Faculty Perspectives: Can Anyone Be a Social Entrepreneur?
Entrepreneurs are made, not born. Entrepreneurship is a very broad term. However, there is an assumption that an entrepreneur is a person who only starts a business. Furthermore, it is associated with capitalism and individual success. But in reality, the term entrepreneur has a long history and richer meaning. In French, where the term was originated, entrepreneur means someone who undertakes a significant project or activity. French economists used the term to identify the venturesome individuals who stimulated economic progress by finding new and better ways of doing things. Other disciplines, such as management, define it differently; e.g., Peter Drucker defines an entrepreneur as someone that always searches for change, responds to it, and exploits it as an opportunity. This to me indicates that entrepreneurship is a mindset and that it is applicable in any context by anyone. Therefore, it is a behavior that can be learned—anyone can be an entrepreneur.
If we focus on the meaning of entrepreneurship in French, that someone could be anyone and be anywhere at any time. For example, social entrepreneurs direct their passion and skills toward social goals. And under social entrepreneurship, Muhammad Yunus asserts that there is a new concept emerging—“social businesses”— a new way to do business. There are entrepreneurs working through governmental organizations, such as John Muir, or in academia, like the founders of Evergreen, or in the health industry, like Paul Farmer. These entrepreneurs were inspired by other entrepreneurs—they learned to think and act as their predecessors. For me, my mother was my inspiration and as a result, I started my first business at the age of ten— selling ice cream.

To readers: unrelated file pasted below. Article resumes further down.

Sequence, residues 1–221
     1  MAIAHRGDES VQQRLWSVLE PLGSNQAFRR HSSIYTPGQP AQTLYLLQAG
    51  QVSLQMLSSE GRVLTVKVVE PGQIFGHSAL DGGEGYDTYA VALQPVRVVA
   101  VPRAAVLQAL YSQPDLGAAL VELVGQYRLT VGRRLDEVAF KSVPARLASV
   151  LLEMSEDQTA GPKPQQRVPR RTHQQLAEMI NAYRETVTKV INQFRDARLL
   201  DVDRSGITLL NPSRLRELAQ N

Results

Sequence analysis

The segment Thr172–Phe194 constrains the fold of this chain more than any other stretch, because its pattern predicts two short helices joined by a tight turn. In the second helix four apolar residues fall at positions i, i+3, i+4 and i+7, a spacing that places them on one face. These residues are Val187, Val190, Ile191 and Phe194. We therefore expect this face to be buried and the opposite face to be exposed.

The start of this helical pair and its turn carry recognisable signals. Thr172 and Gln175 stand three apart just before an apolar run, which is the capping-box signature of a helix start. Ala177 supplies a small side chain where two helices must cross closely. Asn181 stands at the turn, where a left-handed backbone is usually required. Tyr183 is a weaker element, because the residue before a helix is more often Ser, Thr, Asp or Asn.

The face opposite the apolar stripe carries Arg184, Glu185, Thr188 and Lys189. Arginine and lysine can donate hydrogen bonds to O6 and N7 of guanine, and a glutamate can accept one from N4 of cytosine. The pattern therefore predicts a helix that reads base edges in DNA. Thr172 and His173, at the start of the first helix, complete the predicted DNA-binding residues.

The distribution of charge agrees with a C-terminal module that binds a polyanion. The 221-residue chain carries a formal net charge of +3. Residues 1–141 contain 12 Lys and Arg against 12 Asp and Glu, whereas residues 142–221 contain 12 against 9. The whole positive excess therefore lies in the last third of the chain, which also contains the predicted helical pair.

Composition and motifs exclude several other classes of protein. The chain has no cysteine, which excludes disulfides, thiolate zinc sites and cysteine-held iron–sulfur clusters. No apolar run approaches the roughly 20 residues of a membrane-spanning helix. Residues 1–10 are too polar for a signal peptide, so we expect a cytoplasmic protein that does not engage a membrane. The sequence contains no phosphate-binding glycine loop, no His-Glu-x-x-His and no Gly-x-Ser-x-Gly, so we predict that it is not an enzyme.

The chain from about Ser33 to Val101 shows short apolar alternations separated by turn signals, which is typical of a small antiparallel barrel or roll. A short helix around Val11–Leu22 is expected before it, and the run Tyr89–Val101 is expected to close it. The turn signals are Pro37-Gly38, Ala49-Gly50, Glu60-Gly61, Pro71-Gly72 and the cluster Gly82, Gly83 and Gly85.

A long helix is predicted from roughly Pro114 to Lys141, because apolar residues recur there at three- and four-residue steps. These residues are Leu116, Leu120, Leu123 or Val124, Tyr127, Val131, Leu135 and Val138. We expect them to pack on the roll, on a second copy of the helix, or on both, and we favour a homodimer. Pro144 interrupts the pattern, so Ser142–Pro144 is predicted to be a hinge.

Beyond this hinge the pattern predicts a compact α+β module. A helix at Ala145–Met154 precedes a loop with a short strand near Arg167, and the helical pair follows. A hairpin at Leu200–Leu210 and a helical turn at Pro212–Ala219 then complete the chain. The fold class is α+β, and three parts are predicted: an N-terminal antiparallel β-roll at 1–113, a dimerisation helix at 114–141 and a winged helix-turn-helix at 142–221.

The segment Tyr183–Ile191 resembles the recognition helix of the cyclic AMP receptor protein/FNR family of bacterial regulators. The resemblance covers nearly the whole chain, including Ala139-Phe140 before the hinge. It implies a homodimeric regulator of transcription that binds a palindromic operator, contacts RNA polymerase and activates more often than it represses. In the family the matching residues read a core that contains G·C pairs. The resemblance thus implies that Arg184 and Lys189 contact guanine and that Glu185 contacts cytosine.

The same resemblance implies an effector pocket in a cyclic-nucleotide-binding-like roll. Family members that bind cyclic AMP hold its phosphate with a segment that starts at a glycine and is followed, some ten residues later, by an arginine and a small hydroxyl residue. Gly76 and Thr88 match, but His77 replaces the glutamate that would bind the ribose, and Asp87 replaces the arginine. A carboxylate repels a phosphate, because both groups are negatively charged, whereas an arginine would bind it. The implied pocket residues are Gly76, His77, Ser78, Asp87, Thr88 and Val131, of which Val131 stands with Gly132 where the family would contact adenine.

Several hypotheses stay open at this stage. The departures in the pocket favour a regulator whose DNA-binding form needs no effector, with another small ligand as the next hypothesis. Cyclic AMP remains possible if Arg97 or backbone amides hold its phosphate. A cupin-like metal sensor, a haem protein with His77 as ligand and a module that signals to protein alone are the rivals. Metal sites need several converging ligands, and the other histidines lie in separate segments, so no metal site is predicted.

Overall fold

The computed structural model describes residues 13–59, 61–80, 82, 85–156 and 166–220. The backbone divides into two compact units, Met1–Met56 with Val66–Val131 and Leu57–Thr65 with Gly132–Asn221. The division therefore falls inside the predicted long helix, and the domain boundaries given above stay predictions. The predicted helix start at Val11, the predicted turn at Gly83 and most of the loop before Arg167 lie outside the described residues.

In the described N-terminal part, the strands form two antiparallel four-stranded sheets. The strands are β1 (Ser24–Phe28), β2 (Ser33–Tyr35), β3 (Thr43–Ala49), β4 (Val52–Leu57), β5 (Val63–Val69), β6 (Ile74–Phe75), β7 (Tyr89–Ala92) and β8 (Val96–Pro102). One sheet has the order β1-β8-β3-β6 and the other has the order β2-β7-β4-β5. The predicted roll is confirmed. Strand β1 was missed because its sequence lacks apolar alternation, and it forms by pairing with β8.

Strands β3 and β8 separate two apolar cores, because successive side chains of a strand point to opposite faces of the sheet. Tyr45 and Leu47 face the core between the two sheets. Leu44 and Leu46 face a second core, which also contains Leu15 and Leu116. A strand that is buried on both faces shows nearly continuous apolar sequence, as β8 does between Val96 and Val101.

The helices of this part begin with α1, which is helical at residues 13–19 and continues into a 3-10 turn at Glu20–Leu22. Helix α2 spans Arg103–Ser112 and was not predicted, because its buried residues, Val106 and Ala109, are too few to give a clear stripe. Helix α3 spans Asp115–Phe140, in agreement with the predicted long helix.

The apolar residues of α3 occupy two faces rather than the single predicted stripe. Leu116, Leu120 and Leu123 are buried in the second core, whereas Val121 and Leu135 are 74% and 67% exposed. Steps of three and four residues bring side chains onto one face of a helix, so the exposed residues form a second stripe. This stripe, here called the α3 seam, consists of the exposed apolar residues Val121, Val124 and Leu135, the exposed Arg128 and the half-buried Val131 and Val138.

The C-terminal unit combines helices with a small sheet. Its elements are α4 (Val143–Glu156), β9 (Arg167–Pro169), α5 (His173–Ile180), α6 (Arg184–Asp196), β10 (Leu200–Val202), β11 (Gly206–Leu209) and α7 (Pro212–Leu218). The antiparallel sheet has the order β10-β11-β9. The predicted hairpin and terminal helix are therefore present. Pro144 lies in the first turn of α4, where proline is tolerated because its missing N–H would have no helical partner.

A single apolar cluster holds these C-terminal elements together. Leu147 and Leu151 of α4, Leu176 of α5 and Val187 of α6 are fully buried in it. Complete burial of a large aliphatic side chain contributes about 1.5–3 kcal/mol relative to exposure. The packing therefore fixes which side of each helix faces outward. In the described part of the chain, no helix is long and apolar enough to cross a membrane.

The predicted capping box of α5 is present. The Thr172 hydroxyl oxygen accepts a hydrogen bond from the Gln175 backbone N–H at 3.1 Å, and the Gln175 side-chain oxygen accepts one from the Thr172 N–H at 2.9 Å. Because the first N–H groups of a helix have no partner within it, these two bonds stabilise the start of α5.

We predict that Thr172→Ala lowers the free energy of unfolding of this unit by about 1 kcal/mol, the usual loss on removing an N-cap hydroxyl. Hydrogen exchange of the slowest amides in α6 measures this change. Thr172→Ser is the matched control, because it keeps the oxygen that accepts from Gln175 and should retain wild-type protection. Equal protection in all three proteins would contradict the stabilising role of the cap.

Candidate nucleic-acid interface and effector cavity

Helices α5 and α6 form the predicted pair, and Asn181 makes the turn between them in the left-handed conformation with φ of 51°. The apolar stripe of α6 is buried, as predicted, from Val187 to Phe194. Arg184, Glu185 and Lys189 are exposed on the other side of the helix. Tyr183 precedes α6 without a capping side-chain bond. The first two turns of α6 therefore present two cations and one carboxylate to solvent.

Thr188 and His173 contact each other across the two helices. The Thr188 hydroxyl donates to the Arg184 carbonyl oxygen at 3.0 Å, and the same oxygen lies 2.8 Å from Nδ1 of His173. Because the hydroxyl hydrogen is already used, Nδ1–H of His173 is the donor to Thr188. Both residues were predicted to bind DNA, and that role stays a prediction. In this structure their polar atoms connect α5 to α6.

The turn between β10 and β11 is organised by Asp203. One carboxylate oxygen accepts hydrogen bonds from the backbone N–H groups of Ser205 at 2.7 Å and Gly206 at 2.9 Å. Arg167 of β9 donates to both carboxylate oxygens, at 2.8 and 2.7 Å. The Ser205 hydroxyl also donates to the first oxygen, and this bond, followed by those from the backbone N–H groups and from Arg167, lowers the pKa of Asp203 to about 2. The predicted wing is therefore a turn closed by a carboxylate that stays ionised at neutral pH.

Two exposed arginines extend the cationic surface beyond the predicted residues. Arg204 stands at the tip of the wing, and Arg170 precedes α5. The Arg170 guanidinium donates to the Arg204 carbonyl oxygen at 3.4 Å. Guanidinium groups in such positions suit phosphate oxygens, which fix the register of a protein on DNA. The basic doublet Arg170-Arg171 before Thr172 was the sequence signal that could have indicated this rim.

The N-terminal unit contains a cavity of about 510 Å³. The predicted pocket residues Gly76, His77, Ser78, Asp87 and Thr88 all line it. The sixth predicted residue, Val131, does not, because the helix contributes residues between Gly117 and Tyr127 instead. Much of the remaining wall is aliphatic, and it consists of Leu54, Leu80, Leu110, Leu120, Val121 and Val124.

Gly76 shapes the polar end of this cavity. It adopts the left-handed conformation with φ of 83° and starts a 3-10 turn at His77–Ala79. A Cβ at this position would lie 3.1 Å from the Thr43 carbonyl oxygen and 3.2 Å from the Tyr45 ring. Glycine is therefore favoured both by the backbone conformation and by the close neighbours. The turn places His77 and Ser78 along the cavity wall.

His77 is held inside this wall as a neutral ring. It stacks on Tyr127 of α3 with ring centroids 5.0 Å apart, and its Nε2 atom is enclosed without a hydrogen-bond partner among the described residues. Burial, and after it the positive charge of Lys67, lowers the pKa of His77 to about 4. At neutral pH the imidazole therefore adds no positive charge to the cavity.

– Nelson Pizarro is a faculty member in business and entrepreneurship.
I agree that everyone has the capacity to become a social entrepreneur, which I define as someone who works to address social and environmental problems using entrepreneurial principles, but who measures his/ her success based on social impact rather than profit. However, not everyone will be a successful or persistent social entrepreneur. David Bornstein’s case studies, for example, illustrate the years of preparation and the personal sacrifices that many social entrepreneurs accept as they work for the social good. The individuals who are willing to learn how to set solid boundaries and engage in effective self-care are the people who will be able to sustain their work over the long haul.
Of course, many people do make significant, positive changes in a short time span. I have seen several students contribute passionately to social justice efforts for a short time, but then burn out because they lack self-leadership and self-care skills. How many of us put self-care first in our daily lives? What consequences does this have for our own well-being, and how detrimental is it for the quality of our work? All of us should keep these questions in mind, but social entrepreneurs must keep these questions at the forefront when working for the betterment of humanity and the environment. Successful, persistent social entrepreneurs must be self-aware enough to acknowledge the personal impact of seeing others’ suffering, and be willing and able to care for themselves while they are caring for others (see Laurah van Dernoot Lipsky’s Trauma Stewardship, 2007). To do otherwise is to risk experiencing compassion fatigue and burnout.